Why the Dallas Cowboys needed to retain TE Dalton Schultz

. (Photo by Sarah Stier/Getty Images)
. (Photo by Sarah Stier/Getty Images) /

When the Dallas Cowboys slapped Dalton Schultz with their 2022 Franchise Tag, much of Cowboys Nation went up in arms. How could the team that was belligerently proclaiming to be up against the cap and forced to cut/trade top players, suddenly able to slot over $10M in salary cap space to the tight end position?

It seemed preposterous Stephen Jones valued Dalton Schultz and the TE position more than La’el Collins at RT and Amari Cooper at WR1, but that’s what he seemed to be saying when he sent the two packing in order to clear room for Schultz’s tag.

WR1 and OT are widely considered two of the most important positions on a team. They are generally two of the highest paid positions and the loss of both Collins and Cooper will likely result in a positional downgrade at those key spots.

TE isn’t regarded nearly as high by NFL teams. Of the 11 position group classifications, TE is at the bottom of the compensation chart. Teams just don’t value TE like they do other positions. Except the Cowboys apparently.

Tagging Dalton Schultz seemed like madness at first, but the Dallas Cowboys were simply dealing with the situation

That’s not to say Dalton Schultz is a bad player or unworthy of the franchise tag. Schultz was one of the best (if not THE best) tight end on the free agent market this season. His projected annual compensation amount was actually higher than the cost to tag him, so it makes some financial sense to do what the Dallas Cowboys did, after all.

When you consider the recent loss of Blake Jarwin (TE2), Schultz’s importance only grew in Dallas. Suddenly a team that enjoys loads of 12 personnel (2TE sets), was potentially without their top-2 TEs. With no one in the pipeline (all due respect to Sean McKeon’s development), Dallas either had to lock Schultz up or bargain hunt in free agency to fill the void(s) and live with the inevitable consequences.

Many Dallas Cowboys fans see Dalton Schultz as a replaceable part. Someone who benefited from the opportunities of playing TE1 in the Dallas Cowboys high-powered offense. An offense that loves to throw to the TE position. And I don’t disagree.

The idea of spending big (the tag) on a guy who’s production could easily be replaced is upsetting. Especially in an offseason that saw Cooper, Collins, and Randy Gregory leave. What made matters worse was the upcoming TE class in the 2022 NFL Draft.

Seen as one of the deepest tight end classes in years, good players are going to be available in the 3rd and 4th round of this draft. A future Pro Bowler or two can be found in those middle rounds by some projections. So why would Dallas dedicate so much cap space to a replaceable guy, at a replaceable position, at the cost of irreplaceable guys at irreplaceable positions?

Time and circumstance.

It takes time for tight ends to develop. Part offensive lineman/part receiver, the tight end position can be a complicated beast. What makes matters worse is how so many are used in the college game. Most pass-catching tight ends are flexed out into the slot in college. So when the time comes to executing inline blocking assignments in the NFL, they inevitably struggle.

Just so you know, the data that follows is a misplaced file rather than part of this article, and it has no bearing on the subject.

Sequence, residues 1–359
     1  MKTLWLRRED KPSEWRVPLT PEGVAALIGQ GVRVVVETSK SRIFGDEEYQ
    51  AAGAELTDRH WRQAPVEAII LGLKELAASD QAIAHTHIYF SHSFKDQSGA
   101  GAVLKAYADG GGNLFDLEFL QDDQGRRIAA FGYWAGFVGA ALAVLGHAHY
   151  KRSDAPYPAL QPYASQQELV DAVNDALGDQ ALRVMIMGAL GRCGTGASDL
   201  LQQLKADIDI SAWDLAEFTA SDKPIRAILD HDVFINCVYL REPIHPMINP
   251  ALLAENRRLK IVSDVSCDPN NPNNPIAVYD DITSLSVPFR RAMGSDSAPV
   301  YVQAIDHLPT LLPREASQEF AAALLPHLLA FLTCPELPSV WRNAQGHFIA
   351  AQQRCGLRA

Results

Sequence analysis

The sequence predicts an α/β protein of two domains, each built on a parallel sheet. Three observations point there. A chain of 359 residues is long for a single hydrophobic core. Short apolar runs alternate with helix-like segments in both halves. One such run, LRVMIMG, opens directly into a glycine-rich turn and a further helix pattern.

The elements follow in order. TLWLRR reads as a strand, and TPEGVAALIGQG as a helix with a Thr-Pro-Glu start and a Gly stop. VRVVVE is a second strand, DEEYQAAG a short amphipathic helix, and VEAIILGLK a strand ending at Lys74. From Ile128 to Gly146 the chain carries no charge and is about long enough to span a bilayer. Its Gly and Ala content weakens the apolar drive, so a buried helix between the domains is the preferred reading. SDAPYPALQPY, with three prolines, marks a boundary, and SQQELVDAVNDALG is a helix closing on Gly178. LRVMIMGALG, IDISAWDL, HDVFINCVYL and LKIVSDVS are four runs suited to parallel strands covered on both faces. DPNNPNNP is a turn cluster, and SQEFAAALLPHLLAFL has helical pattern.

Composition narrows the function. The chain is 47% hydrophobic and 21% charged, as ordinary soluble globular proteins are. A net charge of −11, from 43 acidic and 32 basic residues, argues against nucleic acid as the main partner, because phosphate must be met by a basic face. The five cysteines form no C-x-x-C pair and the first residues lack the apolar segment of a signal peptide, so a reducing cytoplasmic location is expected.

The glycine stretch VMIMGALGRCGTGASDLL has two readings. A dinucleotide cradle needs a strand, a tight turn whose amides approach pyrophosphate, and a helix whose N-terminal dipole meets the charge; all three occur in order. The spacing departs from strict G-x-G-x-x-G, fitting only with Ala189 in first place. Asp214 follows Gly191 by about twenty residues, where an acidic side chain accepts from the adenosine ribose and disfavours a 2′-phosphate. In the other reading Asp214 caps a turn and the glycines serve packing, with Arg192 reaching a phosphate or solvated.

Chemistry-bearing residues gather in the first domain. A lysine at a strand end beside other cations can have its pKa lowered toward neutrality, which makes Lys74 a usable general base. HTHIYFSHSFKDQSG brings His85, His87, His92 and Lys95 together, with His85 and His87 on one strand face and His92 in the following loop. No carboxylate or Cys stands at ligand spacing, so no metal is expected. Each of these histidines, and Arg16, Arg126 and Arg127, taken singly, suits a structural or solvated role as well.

The Dallas Cowboys franchise tagged Dalton Schultz because they were scared of the alternative and let’s face it, the possible short-term alternatives were/are scary.

Look how long it took Dalton Schultz to learn the NFL game. And he’s a smart guy from a sophisticated TE program (Stanford) who played a lot of college snaps inline. Many of these promising prospects will be starting considerably behind where Schultz was in his development. As such, expecting any of them to hit the ground running would be optimistic to say the least.

I can hear it now: Schultz still can’t block so what does it matter? While it’s clear Dalton struggled with blocking assignments last year, he has two years of plus-level blocking under his belt, so last year was more the exception than the rule.

It’s also worth pointing out TEs struggle blocking all over the league. For reasons just explained, they aren’t as good as they used to be. Before the offseason began I watched film on most of the pending free agent TEs and let me tell you – they all struggled. We seem to have lost perspective on what an average blocker looks like at the TE position.

The Dallas Cowboys couldn’t afford to lose both of their TEs in the same offseason. For better or for worse, they didn’t want to roll the dice on cheap free agent options either. So they committed big money to keep Dalton Schultz for the year.

Chances are they will draft an early-to-mid-round TE next month and with any luck, develop him into a starter to replace the costly Schultz in 2023.

Would I rather keep Gregory, Cooper, and/or Collins? Yes, but that’s a false choice because no one technically needed to be cut. The Dallas Cowboys just decided to let them go (for various reasons we’ve discussed ad nauseum).

The Dallas Cowboys franchise tagged Dalton Schultz because they were scared of the alternative and let’s face it, the possible short-term alternatives were/are scary. Now, if they offer a long-term deal at upper market prices, that will be tough to explain, defend, and/or justify, but for now this looks like decent decision based on some pretty unsavory circumstances.

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Who do you think the starting TE will be in Dallas in 2023?